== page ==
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ASA 8.4 help with statically assigning IPs

steno1122
steno1122 asked
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Last Modified: 2012-05-11
We are upgrading from an older PIX to an ASA 5520 running 8.4.1.  I’m finding out that the commands in the 8.3 versions and later of the O.S. are quite a bit different from what I’m used to.

One of the areas that is giving me problems is the lack of a “static” command that was used prior to 8.3.

As an example, in older versions if I wanted to allow FTP traffic from the Internet to an FTP server in our DMZ I would use the following:

access-list outside_in extended permit tcp any host 98.137.149.56 eq ftp
static (dmz,outside) 98.137.149.56 10.10.73.20 netmask 255.255.255.255

I can’t figure out how to do the same thing in 8.4 without the static command.  What commands do I use to statically map or assign an outside address to an IP in our DMZ?

Thanks for the help!
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Senior infrastructure engineer
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Top Expert 2012
Commented:
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Author

Commented:
Thanks erniebeek for the link. I do have one more question for you or anyone else that can answer.  Are the nat statements in 8.3 and higher bidirectional or unidirectional?  In my original post I asked how to statically nat an external IP to an address in our DMZ for an FTP server.  In this case the FTP server accepts FTP connections from the Internet but it also does FTP polling (establishes FTP connections outbound to customer servers).  That being the case, the nat entry or entries need to be bidirectional so inbound connections nat to the DMZ IP and outbound connections nat to the external IP.  Below are two examples using information from erniebeeks link.  Do both of these examples do the same thing assuming the nat is bidirectional or do I need both object network entries along with the ACL?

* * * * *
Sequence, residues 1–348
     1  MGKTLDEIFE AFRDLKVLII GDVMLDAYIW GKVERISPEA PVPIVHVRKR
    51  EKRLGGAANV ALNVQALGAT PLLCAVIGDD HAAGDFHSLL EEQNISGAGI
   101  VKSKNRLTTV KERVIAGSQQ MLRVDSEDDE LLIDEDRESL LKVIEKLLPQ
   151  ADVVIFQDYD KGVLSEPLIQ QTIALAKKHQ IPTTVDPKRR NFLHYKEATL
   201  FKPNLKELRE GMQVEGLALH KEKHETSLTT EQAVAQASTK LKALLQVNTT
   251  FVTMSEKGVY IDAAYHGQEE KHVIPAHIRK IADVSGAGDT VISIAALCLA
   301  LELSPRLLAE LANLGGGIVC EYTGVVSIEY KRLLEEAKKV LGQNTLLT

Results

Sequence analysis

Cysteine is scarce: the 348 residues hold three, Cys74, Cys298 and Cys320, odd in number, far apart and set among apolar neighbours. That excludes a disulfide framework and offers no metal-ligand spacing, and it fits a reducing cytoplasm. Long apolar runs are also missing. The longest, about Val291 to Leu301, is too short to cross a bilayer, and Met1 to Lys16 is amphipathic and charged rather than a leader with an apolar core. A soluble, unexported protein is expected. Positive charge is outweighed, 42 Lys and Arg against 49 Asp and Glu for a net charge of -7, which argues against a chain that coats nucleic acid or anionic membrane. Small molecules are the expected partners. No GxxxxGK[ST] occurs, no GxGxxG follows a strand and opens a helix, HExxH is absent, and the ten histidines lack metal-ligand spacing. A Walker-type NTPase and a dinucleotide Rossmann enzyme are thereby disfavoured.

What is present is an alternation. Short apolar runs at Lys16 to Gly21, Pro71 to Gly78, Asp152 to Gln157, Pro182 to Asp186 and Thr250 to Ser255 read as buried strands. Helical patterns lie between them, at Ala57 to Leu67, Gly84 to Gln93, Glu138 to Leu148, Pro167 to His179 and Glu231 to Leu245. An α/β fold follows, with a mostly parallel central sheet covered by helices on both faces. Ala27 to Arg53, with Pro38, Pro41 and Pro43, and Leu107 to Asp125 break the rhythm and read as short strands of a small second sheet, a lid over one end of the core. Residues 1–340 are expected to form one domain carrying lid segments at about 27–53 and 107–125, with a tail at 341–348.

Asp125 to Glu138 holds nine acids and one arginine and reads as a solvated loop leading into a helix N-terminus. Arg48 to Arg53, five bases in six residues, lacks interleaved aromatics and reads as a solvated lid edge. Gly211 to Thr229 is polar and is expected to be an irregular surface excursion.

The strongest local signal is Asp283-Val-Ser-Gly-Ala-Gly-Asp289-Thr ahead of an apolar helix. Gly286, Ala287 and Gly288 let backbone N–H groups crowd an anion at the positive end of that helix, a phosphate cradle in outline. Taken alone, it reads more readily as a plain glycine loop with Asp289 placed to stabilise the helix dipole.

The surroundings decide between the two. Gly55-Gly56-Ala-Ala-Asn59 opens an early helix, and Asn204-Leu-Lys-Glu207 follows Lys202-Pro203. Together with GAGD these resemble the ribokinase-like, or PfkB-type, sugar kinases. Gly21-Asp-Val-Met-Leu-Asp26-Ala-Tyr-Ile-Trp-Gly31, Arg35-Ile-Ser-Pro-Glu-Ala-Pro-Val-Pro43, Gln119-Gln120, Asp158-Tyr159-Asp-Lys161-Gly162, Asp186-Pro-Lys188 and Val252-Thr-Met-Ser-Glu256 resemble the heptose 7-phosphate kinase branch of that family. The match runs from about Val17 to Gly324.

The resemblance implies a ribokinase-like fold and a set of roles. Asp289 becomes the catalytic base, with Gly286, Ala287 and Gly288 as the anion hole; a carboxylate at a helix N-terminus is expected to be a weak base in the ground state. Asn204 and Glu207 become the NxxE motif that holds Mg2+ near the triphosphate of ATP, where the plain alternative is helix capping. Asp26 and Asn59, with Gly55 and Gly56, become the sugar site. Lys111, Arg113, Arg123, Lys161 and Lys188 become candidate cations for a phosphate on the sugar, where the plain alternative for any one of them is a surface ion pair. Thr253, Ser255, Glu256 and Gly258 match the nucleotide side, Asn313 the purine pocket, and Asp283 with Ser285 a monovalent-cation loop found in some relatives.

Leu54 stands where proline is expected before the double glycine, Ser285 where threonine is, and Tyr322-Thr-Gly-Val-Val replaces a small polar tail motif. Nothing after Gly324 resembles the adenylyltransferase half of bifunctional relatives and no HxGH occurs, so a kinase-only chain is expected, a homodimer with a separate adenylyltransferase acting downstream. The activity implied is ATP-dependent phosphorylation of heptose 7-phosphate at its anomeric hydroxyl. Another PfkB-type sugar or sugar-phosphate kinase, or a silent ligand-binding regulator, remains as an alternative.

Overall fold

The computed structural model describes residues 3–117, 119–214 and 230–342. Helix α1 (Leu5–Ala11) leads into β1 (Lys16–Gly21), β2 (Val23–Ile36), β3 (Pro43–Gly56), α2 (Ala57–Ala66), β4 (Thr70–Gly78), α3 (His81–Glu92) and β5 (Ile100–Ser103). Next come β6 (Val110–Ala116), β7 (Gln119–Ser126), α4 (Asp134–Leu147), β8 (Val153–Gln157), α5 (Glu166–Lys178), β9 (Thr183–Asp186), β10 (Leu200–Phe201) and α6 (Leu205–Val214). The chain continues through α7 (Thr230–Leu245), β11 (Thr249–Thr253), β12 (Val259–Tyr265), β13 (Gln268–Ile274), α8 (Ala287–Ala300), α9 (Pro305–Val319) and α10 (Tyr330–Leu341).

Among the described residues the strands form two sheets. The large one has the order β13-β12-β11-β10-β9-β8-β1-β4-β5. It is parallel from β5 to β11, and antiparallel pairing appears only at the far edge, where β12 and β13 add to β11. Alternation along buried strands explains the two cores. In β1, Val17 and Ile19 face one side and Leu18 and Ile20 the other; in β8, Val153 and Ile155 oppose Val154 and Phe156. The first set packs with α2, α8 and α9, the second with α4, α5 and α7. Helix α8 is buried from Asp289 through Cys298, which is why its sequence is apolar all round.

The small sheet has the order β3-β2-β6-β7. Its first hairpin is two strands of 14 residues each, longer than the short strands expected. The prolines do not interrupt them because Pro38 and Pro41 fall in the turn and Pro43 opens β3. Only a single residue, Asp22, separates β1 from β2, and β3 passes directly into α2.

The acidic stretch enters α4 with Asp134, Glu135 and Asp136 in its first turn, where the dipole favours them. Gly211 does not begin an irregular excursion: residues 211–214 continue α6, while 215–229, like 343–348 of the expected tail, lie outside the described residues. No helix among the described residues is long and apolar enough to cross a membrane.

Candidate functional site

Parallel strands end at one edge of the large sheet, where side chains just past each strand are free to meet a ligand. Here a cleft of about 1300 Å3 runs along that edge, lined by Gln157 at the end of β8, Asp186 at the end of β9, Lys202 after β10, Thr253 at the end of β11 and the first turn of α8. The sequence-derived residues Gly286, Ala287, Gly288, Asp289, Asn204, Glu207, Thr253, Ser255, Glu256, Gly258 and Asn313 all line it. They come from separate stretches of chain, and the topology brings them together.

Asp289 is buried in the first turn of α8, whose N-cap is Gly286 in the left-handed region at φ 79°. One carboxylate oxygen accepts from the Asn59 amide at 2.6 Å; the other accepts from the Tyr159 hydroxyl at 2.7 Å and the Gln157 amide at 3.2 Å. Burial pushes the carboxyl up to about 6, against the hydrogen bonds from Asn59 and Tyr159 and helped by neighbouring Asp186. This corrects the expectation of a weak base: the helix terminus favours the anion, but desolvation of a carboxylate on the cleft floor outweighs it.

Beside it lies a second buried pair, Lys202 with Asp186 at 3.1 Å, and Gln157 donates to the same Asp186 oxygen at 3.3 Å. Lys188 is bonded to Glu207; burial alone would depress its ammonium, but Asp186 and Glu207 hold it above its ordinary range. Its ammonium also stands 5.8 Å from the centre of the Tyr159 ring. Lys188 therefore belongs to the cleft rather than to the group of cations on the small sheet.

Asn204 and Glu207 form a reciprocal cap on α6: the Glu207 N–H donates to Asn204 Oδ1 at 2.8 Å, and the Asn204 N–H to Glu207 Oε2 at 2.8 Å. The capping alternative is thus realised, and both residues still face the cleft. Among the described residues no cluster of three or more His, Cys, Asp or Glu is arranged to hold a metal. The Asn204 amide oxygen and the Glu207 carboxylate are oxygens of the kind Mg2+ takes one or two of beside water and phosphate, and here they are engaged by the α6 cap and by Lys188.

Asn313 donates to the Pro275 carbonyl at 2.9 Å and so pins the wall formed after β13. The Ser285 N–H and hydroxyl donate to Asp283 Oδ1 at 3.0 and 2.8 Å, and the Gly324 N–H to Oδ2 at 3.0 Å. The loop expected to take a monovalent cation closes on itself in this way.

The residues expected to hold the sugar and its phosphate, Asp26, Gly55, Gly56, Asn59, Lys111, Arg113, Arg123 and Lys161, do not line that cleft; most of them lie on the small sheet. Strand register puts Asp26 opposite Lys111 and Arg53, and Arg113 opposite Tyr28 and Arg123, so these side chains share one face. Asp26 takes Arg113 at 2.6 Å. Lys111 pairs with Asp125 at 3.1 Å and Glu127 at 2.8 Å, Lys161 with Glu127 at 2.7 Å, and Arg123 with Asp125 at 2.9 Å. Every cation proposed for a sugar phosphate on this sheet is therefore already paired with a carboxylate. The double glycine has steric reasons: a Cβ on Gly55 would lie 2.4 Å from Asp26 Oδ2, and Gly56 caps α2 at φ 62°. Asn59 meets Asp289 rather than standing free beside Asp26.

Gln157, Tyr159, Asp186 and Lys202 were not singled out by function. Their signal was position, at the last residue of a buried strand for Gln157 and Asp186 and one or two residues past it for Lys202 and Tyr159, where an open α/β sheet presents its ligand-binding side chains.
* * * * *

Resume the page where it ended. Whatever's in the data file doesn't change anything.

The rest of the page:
access-list outside_in extended permit tcp any host 98.137.149.56 eq ftp

object network obj-10.10.73.20
host 10.10.73.20
nat (DMZ,outside) static 98.137.149.56

and / or

object network obj-98.137.149.56
host 98.137.149.56
nat (outside,DMZ) static 10.10.73.20


In a nutshell, do I need both of the entries above or just one?  Does both object network entries do the same thing?

Thanks for the help.  Much appreciated!
Ernie BeekSenior infrastructure engineer
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Top Expert 2012

Commented:
You just need the first and yes, it is bidirectional.

It would be interesting to see what the second set does :)
it would be something like: static (outside,DMZ) 10.10.73.20 98.137.149.56 netmask 255.255.255.255
As you can see, that is not going to work.

Author

Commented:
erniebeek, thanks again for the reply.  I have one final question.  Does the ACL reference the inside IP or the external IP?

Would this ACL be correct?

access-list outside_in extended permit tcp any host 98.137.149.56 eq ftp

Or is this one correct?

access-list outside_in extended permit tcp any host 10.10.73.20 eq ftp

object network obj-10.10.73.20
host 10.10.73.20
nat (DMZ,outside) static 98.137.149.56


Thanks again.  You are a huge help!
Ernie BeekSenior infrastructure engineer
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Top Expert 2012

Commented:
You're welcome :)

In the 'old' manner the ACL referenced the public IP, in the new manner you use the private IP. So in this case access-list outside_in extended permit tcp any host 10.10.73.20 eq ftp is the ACL entry you need to use.
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